Elizabeth's Reviews > Life: An Exploded Diagram

Life by Mal Peet
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Oct 15, 12

bookshelves: the-waste-land
Read in October, 2012

Breaking my Book Review Silence to say that I love this book, and also that it has made me sob a lot during the last 20 pages, making a change from making me laugh a lot for the greater part of the book.

I love this book for many ridiculous and possibly wrong reasons, thusly:

Mal Peet and I share the distinction of having our books Life: An Exploded Diagram and Code Name Verity named as the two Boston Globe - Horn Book Award Honor Books in the fiction category this year (the overall award winner is Vonda Michaux Nelson’s No Crystal Stair: A Documentary Novel of the Life and Work of Lewis Michaux, Harlem Bookseller ). So Mal Peet and I have met, and sat next to each other and patted each other on the back as we accepted our awards, and were dragged apart just as we’d started a really interesting conversation about Westland Lysanders, and sat on a much-too-short panel together being asked really good questions by Martha Parravano on the theme ‘War Stories’.

Also, curiously, Life: An Exploded Diagram shares all the peculiarities of Code Name Verity that trip up the inattentive reader: a complex narrative structure in which the narrator refers to himself/herself in the third person for most of the book; flashbacks to several different time periods; an overaged narrator for a teen read; sections which focus on contemporaneous historical events which interrupt the action of the story; and overall, a love of the sound of words and something bordering on worship of place. Not surprisingly, I wallow in this kind of writing and adore reading it. I’m reckoning the same readers who find Code Name Verity difficult to get through will find Life: An Exploded Diagram equally dense. But readers who enjoyed CNV might really enjoy Life.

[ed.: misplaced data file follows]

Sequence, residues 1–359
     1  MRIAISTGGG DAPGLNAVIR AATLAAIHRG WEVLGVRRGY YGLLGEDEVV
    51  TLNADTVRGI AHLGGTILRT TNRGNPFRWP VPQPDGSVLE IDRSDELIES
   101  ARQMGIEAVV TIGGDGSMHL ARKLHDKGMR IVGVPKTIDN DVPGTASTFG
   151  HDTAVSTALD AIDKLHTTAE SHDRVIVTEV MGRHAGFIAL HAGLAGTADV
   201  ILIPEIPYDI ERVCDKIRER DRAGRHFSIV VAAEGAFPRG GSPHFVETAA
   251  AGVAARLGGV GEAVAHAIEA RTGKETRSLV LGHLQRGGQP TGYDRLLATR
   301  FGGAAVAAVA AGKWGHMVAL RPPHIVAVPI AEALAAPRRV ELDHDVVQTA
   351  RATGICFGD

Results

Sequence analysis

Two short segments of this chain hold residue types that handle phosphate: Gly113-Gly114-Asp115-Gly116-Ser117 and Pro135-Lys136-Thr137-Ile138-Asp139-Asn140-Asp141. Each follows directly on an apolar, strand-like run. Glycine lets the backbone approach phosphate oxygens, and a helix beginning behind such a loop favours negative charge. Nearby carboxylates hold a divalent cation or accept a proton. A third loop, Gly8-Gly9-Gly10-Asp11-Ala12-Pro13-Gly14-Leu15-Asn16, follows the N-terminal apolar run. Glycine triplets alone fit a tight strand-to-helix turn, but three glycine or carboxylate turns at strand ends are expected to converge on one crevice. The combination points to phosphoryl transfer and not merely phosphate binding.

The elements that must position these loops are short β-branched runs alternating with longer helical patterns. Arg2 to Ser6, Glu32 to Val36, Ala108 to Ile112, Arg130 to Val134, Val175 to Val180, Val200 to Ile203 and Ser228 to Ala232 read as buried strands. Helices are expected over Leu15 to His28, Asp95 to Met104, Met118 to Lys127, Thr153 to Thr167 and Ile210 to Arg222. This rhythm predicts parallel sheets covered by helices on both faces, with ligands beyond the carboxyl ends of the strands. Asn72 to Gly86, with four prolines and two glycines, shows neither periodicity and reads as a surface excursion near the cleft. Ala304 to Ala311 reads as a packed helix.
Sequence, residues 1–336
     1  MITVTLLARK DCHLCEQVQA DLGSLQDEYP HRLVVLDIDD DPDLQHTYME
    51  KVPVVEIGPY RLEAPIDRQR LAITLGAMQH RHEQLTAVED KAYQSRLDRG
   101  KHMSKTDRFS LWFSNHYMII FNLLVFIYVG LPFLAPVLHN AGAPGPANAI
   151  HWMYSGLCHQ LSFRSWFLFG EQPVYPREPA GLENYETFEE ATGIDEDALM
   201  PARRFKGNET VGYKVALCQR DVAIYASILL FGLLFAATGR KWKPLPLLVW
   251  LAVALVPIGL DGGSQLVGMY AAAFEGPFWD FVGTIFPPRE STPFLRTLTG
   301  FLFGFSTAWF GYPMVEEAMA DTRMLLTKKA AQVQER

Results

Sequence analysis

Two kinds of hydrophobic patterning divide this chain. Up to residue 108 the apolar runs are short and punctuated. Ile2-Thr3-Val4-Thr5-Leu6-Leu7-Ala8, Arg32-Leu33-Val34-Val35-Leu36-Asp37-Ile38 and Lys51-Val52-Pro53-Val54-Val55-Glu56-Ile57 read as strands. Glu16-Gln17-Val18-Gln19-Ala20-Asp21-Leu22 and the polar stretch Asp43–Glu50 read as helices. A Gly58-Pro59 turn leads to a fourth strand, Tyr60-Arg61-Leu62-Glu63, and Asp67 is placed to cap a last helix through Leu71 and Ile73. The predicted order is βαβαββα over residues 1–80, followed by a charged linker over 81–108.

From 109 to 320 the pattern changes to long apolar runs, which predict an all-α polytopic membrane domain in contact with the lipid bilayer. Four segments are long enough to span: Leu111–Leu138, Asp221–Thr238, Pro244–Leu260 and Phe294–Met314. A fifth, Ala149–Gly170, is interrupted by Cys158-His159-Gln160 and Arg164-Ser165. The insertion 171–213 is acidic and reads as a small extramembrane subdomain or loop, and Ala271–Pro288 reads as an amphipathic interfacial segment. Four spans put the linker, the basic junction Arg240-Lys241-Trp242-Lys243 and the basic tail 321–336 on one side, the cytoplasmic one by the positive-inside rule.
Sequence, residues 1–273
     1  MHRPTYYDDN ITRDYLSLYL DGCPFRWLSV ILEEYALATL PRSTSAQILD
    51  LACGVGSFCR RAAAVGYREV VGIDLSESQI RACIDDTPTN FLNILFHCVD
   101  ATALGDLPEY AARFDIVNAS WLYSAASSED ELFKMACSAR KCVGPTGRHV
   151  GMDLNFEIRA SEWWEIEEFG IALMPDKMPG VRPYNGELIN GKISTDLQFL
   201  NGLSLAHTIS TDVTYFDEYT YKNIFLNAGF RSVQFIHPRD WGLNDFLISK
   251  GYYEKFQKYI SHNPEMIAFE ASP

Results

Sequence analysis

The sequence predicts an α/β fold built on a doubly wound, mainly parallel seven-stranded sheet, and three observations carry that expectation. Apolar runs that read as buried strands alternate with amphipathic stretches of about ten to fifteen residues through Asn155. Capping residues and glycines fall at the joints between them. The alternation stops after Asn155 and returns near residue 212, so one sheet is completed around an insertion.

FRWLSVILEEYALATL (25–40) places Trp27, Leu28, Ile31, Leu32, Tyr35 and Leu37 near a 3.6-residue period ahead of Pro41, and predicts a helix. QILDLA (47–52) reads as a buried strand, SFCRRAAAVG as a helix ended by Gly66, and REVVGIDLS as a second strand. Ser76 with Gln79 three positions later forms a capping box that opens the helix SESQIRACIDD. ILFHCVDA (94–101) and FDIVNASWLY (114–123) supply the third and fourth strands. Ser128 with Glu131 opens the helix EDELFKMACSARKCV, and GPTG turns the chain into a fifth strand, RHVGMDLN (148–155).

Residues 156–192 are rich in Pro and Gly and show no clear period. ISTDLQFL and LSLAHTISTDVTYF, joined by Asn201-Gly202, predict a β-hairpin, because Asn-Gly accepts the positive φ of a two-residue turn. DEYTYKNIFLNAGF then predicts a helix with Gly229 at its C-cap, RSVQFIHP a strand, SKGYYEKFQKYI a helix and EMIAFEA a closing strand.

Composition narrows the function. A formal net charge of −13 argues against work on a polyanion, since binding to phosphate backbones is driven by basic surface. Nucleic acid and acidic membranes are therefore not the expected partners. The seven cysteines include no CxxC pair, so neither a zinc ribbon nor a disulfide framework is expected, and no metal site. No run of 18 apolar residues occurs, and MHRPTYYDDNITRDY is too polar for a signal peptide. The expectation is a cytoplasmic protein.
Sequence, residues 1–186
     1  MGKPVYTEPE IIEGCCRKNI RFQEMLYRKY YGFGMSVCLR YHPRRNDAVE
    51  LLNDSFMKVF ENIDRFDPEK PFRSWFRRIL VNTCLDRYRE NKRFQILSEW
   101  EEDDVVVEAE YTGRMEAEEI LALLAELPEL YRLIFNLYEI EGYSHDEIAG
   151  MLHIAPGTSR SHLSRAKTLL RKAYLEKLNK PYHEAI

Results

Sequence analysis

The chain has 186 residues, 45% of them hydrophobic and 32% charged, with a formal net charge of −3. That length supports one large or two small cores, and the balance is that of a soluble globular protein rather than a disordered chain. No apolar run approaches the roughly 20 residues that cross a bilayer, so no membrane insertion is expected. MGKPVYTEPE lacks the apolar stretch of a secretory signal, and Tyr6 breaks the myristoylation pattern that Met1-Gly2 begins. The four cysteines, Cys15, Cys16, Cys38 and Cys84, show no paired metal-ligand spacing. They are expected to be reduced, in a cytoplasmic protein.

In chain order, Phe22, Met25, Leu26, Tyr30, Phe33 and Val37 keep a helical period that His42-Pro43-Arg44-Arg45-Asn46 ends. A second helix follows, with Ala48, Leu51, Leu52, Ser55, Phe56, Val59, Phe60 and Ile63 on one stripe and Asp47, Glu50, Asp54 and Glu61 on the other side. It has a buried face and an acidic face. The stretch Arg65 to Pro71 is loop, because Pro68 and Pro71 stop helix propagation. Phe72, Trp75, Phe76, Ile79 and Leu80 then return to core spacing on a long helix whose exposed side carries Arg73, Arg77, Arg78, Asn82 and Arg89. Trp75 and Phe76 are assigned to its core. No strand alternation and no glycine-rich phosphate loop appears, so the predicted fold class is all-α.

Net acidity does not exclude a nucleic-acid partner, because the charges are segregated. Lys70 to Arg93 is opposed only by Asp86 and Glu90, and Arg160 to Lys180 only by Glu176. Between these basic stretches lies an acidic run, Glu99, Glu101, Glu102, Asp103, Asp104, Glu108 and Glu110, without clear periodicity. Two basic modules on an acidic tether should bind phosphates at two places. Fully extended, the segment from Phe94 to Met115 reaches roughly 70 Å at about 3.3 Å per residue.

I should probably also mention that this book reminded me a LOT of Red Shift for many reasons, and also that I think it is a bit old-fashioned that way - while being quite innovative, there is a long literary history that feeds into the crafting of this novel.

I love this book because it has made me understand the Cuban Missile Crisis in a way that, for the first time ever, makes sense.

I love this book because it captures 20th century Norfolk and the changes in the land so beautifully.

I love Frankie and her beauty - I love the worship of the desire and sensuality of youth - and I love the triumph against the odds of the Grammar School Boys, first of their kind (partly because I am married to one and like seeing this early description of what the grammar schools actually offered).

And I love that the author, in spite of himself, has given me the chance to believe in a happy ending.

Thank you Mal Peet, and congratulations!

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(I don't know if it really qualifies as a Wasteland Book, but there are a lot of themes I recognize going on here.)
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message 1: by Els (new)

Els Breaking my near-total Goodreads silence to thank you for this review-- I read the book on the strength of it, and am so glad I did, for many of the reasons you mentioned (including: oh so THAT'S what happened in the Cuban Missile Crisis).

So: ta!


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